for the country's sake, we need to start working together, Democrats and Republicans, workers and management, wealthy and not-so-much, bankers and borrowers, instead of always trying to use the economic crisis to better an individual position.
Yes, there are job descriptions, but they are living breathing (i.e. ever-changing) documents, made so by the upfront statement that says "Job duties and responsibilities include, but 'are not limited to' the following.....". That "but not limited to" catch means that you are supposed to do whatever comes your way. The is no such thing as something that "is not my job".
Jindal was unbelievably weak, as is the GOP right now. Their ideology is DOA. Obama is a very gifted politician - It is a joy, after the last 8 years, to listen to him speak.
The President accepted the grim responsibility of the current crisis and asked the American people to do the same. He also offered bold and concrete objectives for the future. The Governor, however, seemed to be in a state of denial.
If President Obama had walked in at 9 o'clock and not a standing ovation ever 2 seconds, I could have watched all of it. But kids had to be put to bed
It's nice to have a President who can articulate from the bully pulpit after George W.. He's one hell of a speaker but I just don't buy what he is trying to sell. More government has never been the answer to our problems so I'm not sure what he is citing when he refers to history.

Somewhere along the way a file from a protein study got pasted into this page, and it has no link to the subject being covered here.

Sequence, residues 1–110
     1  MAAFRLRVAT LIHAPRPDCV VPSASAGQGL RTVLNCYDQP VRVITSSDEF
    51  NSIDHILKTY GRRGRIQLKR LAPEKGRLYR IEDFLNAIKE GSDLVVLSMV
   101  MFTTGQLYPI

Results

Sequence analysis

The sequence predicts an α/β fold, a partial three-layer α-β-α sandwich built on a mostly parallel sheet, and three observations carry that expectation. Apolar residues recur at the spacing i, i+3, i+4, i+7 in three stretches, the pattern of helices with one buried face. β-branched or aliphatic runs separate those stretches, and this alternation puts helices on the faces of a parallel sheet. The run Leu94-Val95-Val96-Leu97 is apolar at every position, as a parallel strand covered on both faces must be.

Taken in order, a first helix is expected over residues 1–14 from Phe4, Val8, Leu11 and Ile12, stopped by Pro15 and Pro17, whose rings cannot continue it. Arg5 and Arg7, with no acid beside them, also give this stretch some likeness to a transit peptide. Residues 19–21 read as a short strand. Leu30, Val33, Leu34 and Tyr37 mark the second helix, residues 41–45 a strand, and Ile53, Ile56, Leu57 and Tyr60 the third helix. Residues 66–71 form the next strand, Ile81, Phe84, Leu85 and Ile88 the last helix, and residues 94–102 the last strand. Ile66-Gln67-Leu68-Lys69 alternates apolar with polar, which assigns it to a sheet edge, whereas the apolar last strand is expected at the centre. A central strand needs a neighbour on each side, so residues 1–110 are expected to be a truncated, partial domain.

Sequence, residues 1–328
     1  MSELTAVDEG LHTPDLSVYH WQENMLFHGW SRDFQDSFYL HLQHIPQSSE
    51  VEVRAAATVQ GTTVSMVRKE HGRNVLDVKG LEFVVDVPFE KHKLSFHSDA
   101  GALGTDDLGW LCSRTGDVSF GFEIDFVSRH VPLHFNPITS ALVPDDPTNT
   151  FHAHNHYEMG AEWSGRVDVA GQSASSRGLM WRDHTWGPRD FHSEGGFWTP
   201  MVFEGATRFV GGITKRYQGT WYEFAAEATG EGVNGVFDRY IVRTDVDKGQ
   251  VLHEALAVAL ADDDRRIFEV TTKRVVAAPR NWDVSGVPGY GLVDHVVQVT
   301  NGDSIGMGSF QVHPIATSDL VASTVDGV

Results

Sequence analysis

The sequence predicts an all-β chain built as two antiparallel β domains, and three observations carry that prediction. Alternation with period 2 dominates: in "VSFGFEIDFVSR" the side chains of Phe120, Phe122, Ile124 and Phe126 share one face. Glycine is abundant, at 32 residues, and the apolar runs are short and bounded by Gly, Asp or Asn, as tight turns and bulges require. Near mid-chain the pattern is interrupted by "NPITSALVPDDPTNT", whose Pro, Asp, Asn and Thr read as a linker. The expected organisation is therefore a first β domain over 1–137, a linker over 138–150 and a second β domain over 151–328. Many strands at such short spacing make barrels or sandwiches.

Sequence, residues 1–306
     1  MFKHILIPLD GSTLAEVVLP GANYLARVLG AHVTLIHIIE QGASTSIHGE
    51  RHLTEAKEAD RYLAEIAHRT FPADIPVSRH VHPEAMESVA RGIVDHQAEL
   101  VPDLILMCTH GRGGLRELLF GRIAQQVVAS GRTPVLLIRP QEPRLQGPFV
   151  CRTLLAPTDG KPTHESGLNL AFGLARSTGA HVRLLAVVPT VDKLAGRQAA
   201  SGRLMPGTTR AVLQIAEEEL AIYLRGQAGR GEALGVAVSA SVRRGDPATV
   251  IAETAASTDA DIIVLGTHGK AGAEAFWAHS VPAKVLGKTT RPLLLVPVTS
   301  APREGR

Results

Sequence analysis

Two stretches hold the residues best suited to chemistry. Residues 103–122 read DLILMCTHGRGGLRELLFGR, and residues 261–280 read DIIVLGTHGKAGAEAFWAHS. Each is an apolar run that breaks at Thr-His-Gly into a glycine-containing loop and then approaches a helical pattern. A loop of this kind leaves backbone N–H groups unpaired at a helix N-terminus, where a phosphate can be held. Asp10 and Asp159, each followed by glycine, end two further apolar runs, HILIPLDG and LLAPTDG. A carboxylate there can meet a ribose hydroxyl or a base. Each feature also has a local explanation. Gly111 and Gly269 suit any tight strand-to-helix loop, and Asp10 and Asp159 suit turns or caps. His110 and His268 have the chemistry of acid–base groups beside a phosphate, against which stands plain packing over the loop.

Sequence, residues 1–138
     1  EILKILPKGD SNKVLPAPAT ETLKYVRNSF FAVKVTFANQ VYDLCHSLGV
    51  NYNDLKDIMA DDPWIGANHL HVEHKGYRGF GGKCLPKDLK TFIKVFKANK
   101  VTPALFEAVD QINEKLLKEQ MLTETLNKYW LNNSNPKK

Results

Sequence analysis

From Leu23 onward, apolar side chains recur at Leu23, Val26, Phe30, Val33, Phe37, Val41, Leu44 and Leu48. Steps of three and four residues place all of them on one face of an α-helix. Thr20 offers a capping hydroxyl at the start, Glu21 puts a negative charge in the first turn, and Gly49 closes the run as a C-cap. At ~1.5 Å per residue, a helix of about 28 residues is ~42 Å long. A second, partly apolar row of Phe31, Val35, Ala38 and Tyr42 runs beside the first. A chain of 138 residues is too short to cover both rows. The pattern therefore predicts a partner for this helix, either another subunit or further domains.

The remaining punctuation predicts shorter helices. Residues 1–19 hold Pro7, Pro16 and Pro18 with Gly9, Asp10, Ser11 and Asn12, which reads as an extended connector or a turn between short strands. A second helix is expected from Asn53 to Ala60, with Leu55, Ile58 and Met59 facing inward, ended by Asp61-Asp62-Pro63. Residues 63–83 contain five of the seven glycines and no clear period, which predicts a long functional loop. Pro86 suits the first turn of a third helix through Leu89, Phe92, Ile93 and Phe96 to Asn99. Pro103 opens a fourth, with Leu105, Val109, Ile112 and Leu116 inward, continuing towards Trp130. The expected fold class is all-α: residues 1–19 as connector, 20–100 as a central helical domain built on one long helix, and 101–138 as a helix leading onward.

Watch Obama's address?! HA! If I want to see how bad it is out there, I'll open a window. I don't need the President to continually remind me.
Many money managers are telling people to tighten their belt, pay off your credit cards, save, save, save, live within your means. All of that makes sense to me. And yet our government has added more than $1,500,000,000,000 (that's 1.5 TRILLION dollars) to the national deficit in the last six months through stimulus packages alone (one by W. for over $700,000,000 and another by Pres. Obama for over $800,000,000) not including the budget deficit. Throwing a mountain of money at the problem will not fix it. I am not an economist but even I understand this is a short term stop gap not a solution. The budget must be more than balanced. They have to start paying down the debt or face the US Govt. filing for bankruptcy (is that even possible?) How can a government expect it's citizens to operate on a balanced budget when it does not?!?!?!
Obama's speech was way too long for the average American attention span. I thought the main message was, "I know you're going to hate this, but we have to do more for the banks to get the credit crisis solved." Almost everything else seemed designed convince people that there was something in it for them, too. I'm glad he has the political fortitude to tell people --- including virtually everyone who voted for him --- a hard truth that they will find hard to swallow. Regarding Jindal's speech: If Barak Obama is an all-star major leaguer when it comes to oratory skills, I'd say Bobby has just reached Double A.
Fell asleep at 9:20 and then went to bed--hopefully I can find a synopsis on line!
If the R's don't become part of the solution, they will soon become irrelevant.
As for the president's speech: It was moving and let's hope it all happens.